Friday, October 2, 2009

In My Prayers: Samoa and Indonesia

Photo: Off the coast of Banda Aceh, Indonesia--March 2009.
Currently in Guarajua, Brazil.

I awoke this morning to the sun peeking through my hotel window. Looking out, I saw the haze setting in, streaks of light glistened and danced through openings in the cloud. The morning traffic had already started without me. Engines roared through the streets of Sao Paulo while I laid still, motionless--looking out at a world that never stops.

I felt empty this morning. Lost. Devoid of hope, jaded by fate. I felt like the world had flipped inside-out, twisted and turned like a kaleidoscope--melting away the very elements that binds us together. I felt sadness and sorrow, pain and displeasure.

I had heard the news--felt a knife rip through my heart. Oceans away, families are torn, people live and people die. It scares me to get up. Afraid of what I'll hear, see and feel. For the first time in my life, I'm afraid to face the world--to accept the truth--because when you live life through a lens, it quickly becomes your mask--a shield to protect you from reality.

My alarm clock went off--but at that very moment, I didn't care--because I knew that a thousand miles away, a different kind of alarm was going off, telling the inhabitants of an entire island to seek higher ground. Indonesia and Samoa hold a special place in my heart. I saw flashbacks of images I had captured, the people I've met and the memories I cherish. It's different when you're a photographer--you see things differently, you learn to cherish moments captured in time like there's no tomorrow. And no matter what type of mask is flung before you, reality some how seeps through the pores of your soul--through the toughest of any skin. And just like that, you're human again, you feel for the people suffering, you pray for their well-being.

I used to capture the world in all its beauty, pain and reward, triumph and tragedy--all without a care for whom was staring at my lens. The shot was all that mattered. The people and their suffering was the cost of doing "business." I was young, ambitious, and naive. Maybe that's why I've changed--somehow, I've turned full circle--and like a vulture turned prey, I've taught myself to love the people I see through my lens.

Sitting on my bed, I began to pray. I hope my friends are safe. I am scared. I am worried and I am desperate to hear from them. I've tried calling, but my calls are answered by a machine--speaking a language I cannot understand.

I've been in Brazil for almost two weeks now. My body aches, my mind is numb and my soul searches for balance. My schedule takes me from one city to another, one village to the next--but no matter how busy I am or no matter how hectic my life may be, Samoa and Indonesia will always be in my heart, in my dreams, and most importantly, in my prayers.

11 comments:

Wander to the Wayside said...

It's just a horribly sad situation, the ugly side of mother nature. No doubt the devastation is extreme, but the news tonight showed many rescues. Recovery will be a long process, including getting the lines of communication open. Hang in there, Ron...you aren't alone in your sadness and sorrow for these people and that country, though you're certainly closer to it than I am, sitting here dry and warm at my computer in Ringgold, Georgia.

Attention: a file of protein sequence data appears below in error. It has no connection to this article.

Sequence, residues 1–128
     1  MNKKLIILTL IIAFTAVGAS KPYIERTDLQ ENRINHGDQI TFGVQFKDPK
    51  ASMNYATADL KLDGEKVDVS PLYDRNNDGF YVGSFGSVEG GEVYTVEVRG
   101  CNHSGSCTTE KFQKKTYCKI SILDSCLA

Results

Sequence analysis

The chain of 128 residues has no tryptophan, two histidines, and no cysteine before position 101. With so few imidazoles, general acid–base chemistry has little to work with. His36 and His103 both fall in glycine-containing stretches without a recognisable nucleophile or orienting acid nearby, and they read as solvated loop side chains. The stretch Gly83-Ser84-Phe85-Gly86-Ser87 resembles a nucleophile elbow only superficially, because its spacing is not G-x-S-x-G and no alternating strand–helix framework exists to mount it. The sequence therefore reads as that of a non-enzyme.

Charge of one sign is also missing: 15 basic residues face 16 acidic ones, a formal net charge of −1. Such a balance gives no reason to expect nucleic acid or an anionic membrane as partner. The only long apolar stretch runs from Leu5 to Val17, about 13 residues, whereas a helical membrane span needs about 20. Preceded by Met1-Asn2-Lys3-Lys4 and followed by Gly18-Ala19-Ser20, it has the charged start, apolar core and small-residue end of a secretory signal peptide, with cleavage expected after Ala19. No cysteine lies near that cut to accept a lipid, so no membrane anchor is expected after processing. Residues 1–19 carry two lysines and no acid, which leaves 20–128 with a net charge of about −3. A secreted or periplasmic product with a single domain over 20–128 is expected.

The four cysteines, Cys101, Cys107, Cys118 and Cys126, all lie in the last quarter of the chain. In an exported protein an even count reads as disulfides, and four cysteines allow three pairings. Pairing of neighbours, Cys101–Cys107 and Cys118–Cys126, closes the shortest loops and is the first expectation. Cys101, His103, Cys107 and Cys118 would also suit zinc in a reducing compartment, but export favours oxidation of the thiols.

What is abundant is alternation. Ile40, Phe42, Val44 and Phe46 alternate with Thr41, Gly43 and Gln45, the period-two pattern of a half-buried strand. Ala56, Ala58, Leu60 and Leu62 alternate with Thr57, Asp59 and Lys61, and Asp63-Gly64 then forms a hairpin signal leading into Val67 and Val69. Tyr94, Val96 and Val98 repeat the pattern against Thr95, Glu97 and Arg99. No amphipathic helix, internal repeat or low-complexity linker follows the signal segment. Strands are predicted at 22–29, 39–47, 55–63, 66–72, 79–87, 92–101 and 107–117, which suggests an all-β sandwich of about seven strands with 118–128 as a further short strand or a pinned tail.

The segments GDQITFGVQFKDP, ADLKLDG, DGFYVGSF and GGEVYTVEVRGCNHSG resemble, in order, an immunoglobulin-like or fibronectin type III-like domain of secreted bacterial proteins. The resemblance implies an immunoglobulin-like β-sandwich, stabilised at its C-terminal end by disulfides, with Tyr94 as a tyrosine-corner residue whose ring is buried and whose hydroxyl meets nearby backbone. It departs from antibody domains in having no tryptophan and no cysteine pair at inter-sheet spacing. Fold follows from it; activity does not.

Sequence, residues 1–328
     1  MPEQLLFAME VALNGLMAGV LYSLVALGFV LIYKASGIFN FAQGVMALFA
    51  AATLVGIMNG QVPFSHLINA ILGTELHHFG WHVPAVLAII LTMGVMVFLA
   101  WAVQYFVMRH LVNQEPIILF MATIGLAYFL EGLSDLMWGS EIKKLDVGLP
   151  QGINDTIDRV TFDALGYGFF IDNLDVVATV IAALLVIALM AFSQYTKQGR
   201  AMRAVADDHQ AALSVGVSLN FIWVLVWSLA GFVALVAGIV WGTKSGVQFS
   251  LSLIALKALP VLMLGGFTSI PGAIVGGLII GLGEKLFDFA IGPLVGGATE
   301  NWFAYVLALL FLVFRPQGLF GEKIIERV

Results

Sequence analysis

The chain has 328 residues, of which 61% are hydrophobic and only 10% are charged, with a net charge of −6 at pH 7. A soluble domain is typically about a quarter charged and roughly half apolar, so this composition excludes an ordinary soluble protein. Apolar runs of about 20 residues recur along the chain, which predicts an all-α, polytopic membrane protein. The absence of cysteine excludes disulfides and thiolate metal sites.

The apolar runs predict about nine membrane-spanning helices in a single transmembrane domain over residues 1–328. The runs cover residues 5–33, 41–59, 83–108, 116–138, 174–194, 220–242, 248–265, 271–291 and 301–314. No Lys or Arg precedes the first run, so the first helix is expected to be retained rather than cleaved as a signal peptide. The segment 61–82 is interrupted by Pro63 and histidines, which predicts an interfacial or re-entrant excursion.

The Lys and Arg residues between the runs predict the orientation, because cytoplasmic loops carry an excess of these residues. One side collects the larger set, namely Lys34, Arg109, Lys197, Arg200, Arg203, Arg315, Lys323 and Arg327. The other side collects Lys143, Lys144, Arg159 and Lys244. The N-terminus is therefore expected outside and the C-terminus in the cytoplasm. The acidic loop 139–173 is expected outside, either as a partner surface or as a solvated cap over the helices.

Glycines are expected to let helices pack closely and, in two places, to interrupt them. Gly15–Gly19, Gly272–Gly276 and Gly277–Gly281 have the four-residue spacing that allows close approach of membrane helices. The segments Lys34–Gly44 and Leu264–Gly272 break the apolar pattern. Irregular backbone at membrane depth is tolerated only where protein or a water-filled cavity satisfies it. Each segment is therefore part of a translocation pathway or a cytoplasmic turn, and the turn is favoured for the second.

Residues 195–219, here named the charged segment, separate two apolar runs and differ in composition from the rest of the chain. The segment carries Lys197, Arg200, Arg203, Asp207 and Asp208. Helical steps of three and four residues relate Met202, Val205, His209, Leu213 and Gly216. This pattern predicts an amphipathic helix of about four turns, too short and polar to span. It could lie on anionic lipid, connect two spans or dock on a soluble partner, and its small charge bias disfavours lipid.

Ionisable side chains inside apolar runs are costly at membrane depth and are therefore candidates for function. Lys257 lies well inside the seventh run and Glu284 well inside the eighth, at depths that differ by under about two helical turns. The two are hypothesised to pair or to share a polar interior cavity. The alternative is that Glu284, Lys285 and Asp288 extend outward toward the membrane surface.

Lovely, though sad, post.

Dan Denardo said...

We'll be praying for your friends in harms way, Ron. I can only imagine their grief. Beautiful post.

Ava said...

Two weeks in Brazil + all the travels earlier, time to take a little break, Ron. Take Care!

Deboshree said...

Hey Ron..I know that the condition is real bad and all of us sincerely hope that your friends survive this. Not only your friends, but also other people.

Hang in there.

Love
Deboshree

Desert Rat said...

Beautiful post! and beautiful photo. One day I am going to work for something that will allow me to build homes or help people who go through these types of tragedy's. When I you write of these things it makes me want to build right now!

PS. I had no idea I was not following you. I was reading you through my sister so I thought you had not wrote in a long time. I'm following you now so I'll know directly when you post ;-)

Best wishes,

E

Sebastian said...
This comment has been removed by the author.
Sebastian said...

Beautiful and eloquent as ever, Ron.

Now I know what I have to look forward to... :)

(Subscribing to comments)

Bon Don said...

I have been praying for all the familes but now I will def. call in any specail favors I have with the big guy for our family and friends (((BIG HUGS)))

<3 Bon Don

Spectacular said...

This is real deep and beautiful

Fitri said...

I haven't read your blog for quite some times. I just read it again today, and your writings are still very deep and touching as before.
Thank you for the sympathy towards my country which keep getting the catastrophes. Thanks for the praying...

Anonymous said...

Infatuation casinos? quiz this embryonic [url=http://www.realcazinoz.com]casino[/url] instruction and horseplay online casino games like slots, blackjack, roulette, baccarat and more at www.realcazinoz.com .
you can also inquire our redesigned [url=http://freecasinogames2010.webs.com]casino[/url] enjoin at http://freecasinogames2010.webs.com and turn for the better basic folding readies !
another in [url=http://www.ttittancasino.com]casino spiele[/url] delimitation of events is www.ttittancasino.com , in proffer german gamblers, attain a away the ill-use manner in humanitarian online casino bonus.